In the six years Dorothea Bradley has been feeding Pasadena's poor from the back porch of her ramshackle home, she has never missed an opportunity to thumb her nose at bureaucratic detail.
Three years ago, when Pasadena officials asked her how much money she needed to expand her emergency food program, Bradley pulled the number $33,333.33 out of thin air. A few months later, a grant for that amount was awarded through the federal government.
When she was later informed that her program violated local zoning and health laws and would have to be shut down, Bradley told her story to the newspapers. It placed local officials in the untenable position of either closing a much-needed program for the poor or turning a blind eye to the violations. The officials "chose" the latter.
Now, just as Bradley prepares to move her food program to a Pasadena office building donated by the American Friends Service Committee, a Quaker organization, she finds herself in another quandary brought on by her disdain for paper work and administrative detail.
Bradley faces eviction from her house, which she had hoped to continue using as a food storage center. For seven years, the 40-year-old Bradley has been living as a squatter in the two-story frame house at 783 Earlham St. in Northwest Pasadena.
At first, she rented the home from a man who had purchased it with a loan from the federal Department of Housing and Urban Development. When the man failed to make his mortgage payments, HUD foreclosed on the property. But Bradley continued to live there, believing that she had at least tacit approval from the federal agency to do so.
Bradley says that with the help of the office of Rep. Edward Roybal (D-Los Angeles), she had several conversations in 1984 and 1985 with HUD officials in Washington and Los Angeles. Bradley says the officials told her of an obscure law that empowered the federal agency to make homes available, free of rent, to nonprofit organizations such as hers.
But Bradley, who abhors fine details and runs an admittedly seat-of-the-pants operation, never confirmed her conversations through letters or wrote down the names of the officials with whom she talked. She says she was too busy focusing on the big picture, feeding the poor and handicapped who were coming to her weekly food giveaways in ever greater numbers.
Then, in May of this year, HUD notified Bradley that she had 30 days to vacate. When Bradley refused, HUD took her to court. Last month, Pasadena Municipal Court Judge Phil Argento ruled that the federal agency had a legal right to evict Bradley.
But the judge stayed the eviction for 30 days, giving Bradley time to work out an arrangement whereby the City of Pasadena might buy the house and rent it to Bradley.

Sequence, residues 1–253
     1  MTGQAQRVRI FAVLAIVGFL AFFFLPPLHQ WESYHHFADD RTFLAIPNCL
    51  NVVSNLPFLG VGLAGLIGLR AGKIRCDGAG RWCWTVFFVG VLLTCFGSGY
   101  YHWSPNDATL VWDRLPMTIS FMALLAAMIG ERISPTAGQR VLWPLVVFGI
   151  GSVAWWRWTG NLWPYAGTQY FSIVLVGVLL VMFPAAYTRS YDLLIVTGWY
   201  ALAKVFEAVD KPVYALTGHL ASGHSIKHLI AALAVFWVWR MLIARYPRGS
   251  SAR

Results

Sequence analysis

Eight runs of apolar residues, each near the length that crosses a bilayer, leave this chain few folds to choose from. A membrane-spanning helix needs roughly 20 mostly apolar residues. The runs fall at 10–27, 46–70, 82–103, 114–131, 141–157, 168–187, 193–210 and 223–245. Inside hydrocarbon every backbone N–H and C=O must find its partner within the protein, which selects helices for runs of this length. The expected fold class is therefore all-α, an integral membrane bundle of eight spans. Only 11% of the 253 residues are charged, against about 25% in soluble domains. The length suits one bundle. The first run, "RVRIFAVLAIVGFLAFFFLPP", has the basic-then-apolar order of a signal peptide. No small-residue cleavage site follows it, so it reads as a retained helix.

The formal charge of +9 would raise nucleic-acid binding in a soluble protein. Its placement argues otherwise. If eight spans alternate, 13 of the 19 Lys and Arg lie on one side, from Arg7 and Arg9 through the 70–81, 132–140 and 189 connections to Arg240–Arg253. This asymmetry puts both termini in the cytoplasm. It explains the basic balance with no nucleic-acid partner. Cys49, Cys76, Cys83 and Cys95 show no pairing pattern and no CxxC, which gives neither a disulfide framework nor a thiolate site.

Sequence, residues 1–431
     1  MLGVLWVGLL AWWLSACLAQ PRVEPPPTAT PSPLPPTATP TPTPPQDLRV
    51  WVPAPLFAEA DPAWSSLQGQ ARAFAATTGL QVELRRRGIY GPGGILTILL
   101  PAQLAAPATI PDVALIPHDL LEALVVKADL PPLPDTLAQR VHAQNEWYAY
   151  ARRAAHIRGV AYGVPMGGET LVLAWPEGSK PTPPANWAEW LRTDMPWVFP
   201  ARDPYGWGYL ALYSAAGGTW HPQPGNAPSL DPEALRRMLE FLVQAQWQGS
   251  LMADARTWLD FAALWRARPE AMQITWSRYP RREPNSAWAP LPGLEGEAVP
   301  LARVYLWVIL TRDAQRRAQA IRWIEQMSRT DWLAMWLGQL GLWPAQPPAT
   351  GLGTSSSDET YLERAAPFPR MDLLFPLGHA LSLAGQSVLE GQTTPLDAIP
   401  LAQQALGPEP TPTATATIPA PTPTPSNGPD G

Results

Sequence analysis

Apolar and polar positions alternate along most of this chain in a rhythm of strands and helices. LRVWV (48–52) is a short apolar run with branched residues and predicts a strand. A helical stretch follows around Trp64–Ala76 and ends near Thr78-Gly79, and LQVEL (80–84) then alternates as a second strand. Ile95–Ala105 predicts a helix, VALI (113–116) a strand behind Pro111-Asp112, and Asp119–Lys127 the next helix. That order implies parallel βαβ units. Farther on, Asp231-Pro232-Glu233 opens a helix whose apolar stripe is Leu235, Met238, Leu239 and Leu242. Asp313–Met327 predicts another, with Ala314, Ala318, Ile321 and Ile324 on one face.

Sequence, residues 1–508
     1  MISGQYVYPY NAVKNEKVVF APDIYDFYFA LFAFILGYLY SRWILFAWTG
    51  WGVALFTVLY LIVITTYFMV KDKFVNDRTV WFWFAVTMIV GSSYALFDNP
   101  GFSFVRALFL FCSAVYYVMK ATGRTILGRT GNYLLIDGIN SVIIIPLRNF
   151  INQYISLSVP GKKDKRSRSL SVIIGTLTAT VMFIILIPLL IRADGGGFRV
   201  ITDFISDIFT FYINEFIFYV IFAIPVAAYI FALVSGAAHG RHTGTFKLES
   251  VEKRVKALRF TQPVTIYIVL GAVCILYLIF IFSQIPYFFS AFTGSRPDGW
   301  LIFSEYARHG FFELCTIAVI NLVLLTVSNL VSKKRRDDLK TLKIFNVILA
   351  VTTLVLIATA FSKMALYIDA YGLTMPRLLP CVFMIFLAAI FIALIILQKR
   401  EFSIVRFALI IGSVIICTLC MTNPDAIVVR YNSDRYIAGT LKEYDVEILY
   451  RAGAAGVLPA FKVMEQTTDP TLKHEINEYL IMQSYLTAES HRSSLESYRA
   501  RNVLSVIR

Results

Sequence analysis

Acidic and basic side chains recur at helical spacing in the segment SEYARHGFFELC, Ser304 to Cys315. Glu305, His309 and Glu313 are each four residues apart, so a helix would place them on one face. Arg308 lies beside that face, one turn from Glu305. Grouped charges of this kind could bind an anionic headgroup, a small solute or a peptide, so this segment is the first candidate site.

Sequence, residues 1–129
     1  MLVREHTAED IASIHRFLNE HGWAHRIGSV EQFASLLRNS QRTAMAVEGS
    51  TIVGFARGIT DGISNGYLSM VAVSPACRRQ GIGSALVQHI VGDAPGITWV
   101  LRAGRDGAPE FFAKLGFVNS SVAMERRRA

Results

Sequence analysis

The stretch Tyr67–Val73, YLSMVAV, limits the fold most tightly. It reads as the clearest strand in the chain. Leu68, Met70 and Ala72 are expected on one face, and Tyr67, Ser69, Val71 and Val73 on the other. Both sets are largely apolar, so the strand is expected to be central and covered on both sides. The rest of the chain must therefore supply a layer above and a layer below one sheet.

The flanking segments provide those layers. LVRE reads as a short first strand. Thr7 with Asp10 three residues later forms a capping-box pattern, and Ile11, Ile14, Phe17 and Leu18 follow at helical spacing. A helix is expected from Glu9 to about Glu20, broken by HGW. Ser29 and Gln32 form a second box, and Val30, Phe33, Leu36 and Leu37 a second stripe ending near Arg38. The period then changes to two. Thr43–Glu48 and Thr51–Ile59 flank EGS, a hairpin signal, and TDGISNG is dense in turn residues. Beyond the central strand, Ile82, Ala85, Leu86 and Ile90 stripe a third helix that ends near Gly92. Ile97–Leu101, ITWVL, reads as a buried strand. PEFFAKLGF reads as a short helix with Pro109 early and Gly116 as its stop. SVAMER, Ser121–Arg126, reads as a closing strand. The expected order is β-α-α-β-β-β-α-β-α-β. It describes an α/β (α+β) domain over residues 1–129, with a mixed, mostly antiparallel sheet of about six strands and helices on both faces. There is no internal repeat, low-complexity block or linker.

City officials say Bradley failed to follow through on the plan. The 30-day deadline passed last Monday without Bradley getting together with the city block grant officials who oversee her program and administer HUD money.
Any day now, county marshals acting at the behest of HUD can post a writ of possession on the house and forcibly remove Bradley five days later.
HUD officials were unavailable to answer why--after seven years--they suddenly decided to move to evict Bradley. Bradley says the action by the federal agency is ironic: One arm of HUD has kept her program alive through generous funding, while another arm is taking away an important link in the program.
"Even though the city decides who gets HUD money and who doesn't, HUD does oversee my program and it's their money," she said. "It's like one hand not knowing what the other hand is doing."
But city officials say it is Bradley's inattention to detail that has gotten her into trouble.
"She never worked to get a commitment from Pasadena to buy the house," said Geraldine Sport, an administrator for the Community Development Block Grant program. "I called HUD last week and was surprised to find out that the extra deadline they had given her was about to pass.
"If Dorothea finds something unpleasant, she just avoids it. She's got a great program, but she refuses to face facts. If an eviction was looming over my head, I'd do everything to beat it. Her response is just to ignore the problem."
Bradley acknowledges as much. She says she has been so consumed with helping feed the poor in the aftermath of the Oct. 1 earthquake that she has had little time for anything else.
"If a man is hungry and handicapped, that's what you have to take care of. That has to be my priority," she said. "If I get kicked out of the house, I get kicked out of the house. There's only so much I can do about it.
"I don't know why people pick on me. I spend most of my time in the fields picking vegetable or in stores gathering food."